Woodsy beauty

Landscape designer was consulted before home construction on lot

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  • Drought-tolerant lavender, rosemary and ceanothus flank a hidden path that leads to the beach where canoes wait.
     

    Path

    John Granen

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Landscape lessons

Use water to mask sound. The recirculating creek just outside the front door covers the road noise behind it.

Contrast textures. In the entry courtyard, lacy-leafed Japanese maples add a soft counterpoint to stone walls ― and some fiery hues when their leaves change color in fall.

Add interest underfoot. A path with ribbons of greenery between its pavers is especially inviting. Carpetlike pennyroyal (Mentha pulegium) fills the spaces between pavers in the entry court.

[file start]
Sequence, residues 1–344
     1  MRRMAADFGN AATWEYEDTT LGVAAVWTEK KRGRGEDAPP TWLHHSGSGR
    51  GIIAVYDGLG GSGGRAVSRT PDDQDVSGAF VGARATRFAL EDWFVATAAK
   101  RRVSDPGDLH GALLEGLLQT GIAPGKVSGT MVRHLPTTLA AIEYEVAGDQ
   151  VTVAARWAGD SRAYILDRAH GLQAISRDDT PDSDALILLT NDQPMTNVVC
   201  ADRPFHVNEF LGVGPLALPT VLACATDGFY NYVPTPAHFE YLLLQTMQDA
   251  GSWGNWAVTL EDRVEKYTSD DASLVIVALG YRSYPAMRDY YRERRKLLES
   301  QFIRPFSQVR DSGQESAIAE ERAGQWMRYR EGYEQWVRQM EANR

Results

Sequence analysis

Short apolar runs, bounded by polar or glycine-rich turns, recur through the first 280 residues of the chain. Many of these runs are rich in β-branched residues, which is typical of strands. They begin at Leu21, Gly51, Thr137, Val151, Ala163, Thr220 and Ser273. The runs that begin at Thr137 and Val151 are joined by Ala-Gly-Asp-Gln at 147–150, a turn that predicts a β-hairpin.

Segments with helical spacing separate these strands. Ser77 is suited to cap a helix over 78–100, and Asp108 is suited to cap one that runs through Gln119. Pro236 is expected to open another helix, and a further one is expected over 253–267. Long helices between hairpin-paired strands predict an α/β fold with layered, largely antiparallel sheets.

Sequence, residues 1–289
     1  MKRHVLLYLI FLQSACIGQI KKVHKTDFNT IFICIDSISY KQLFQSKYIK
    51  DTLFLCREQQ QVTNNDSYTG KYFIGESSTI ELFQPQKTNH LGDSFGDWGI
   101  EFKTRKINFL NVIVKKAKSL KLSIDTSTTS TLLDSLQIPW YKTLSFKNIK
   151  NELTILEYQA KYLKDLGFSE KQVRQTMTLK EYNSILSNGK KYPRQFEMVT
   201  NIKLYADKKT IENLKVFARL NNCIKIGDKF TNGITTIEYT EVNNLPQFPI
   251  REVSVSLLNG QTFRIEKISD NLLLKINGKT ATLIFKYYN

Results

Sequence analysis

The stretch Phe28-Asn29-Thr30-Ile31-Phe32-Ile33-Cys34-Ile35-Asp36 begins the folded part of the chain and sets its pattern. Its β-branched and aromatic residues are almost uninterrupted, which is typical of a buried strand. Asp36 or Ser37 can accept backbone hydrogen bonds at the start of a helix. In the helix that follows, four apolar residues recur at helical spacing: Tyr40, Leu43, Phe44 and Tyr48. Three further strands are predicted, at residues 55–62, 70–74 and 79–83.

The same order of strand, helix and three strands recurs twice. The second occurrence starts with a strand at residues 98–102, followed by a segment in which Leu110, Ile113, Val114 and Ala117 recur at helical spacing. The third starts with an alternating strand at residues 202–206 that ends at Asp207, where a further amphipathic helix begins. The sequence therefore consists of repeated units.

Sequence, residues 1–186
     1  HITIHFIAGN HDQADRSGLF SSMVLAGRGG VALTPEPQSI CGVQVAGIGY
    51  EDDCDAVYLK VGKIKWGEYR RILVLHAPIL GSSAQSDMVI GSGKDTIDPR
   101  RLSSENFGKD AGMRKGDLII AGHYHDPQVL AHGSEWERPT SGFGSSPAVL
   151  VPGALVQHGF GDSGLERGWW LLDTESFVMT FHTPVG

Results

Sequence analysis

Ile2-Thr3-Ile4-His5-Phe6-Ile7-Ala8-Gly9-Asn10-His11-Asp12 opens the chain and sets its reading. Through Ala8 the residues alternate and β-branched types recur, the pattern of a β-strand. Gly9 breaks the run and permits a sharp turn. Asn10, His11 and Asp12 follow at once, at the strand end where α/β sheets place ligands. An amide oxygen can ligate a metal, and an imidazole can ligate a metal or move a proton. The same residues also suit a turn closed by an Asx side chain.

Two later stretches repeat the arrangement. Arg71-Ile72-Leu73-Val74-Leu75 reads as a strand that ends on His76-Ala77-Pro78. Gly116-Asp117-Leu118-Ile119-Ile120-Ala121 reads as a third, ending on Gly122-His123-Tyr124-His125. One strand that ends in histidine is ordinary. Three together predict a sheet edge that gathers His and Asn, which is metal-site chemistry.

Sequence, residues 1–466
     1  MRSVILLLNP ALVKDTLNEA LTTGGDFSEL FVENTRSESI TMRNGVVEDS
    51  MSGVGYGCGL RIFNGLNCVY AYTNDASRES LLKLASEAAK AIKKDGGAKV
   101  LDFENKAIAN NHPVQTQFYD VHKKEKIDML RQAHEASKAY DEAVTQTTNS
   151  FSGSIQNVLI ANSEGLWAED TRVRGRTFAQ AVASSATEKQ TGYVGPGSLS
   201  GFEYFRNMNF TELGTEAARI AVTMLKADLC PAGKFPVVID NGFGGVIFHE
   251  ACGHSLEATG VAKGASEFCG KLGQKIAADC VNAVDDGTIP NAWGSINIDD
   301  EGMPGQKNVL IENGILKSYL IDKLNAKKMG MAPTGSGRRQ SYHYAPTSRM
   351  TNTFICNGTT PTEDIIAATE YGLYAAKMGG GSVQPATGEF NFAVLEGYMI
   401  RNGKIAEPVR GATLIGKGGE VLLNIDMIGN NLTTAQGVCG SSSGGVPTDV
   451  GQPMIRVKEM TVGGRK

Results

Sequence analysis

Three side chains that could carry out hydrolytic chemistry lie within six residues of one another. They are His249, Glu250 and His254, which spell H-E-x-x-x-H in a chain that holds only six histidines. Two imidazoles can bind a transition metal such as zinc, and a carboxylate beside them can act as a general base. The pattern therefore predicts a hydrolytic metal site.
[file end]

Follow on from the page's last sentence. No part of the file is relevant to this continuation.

Make the most of shrubs. The right ones in the right places can add hits of seasonal bloom. Camellias are ideally suited for shapely pruning and espaliers; their blossoms stand out in elegant relief against shiny evergreen leaves. And rhododendrons make lavish focal points when cloaked with spring bloom.

Make room for vines. Showy ones such as Clematis montana rubens create walls of bloom. Clematis are especially effective climbers; this one covers a pergola, which is decked with flowers every spring.

Borrow views you like; hide the ones you don't. Fronted by a lawn, this landscape preserves a panoramic vista of Puget Sound and Mt. Rainier beyond. East of the main lawn, a border of ceanothus, rosemary, and Spanish lavender conceals a path to a beach with canoes at the end (far right). And trees behind the house screen views of the adjacent road and neighboring houses.

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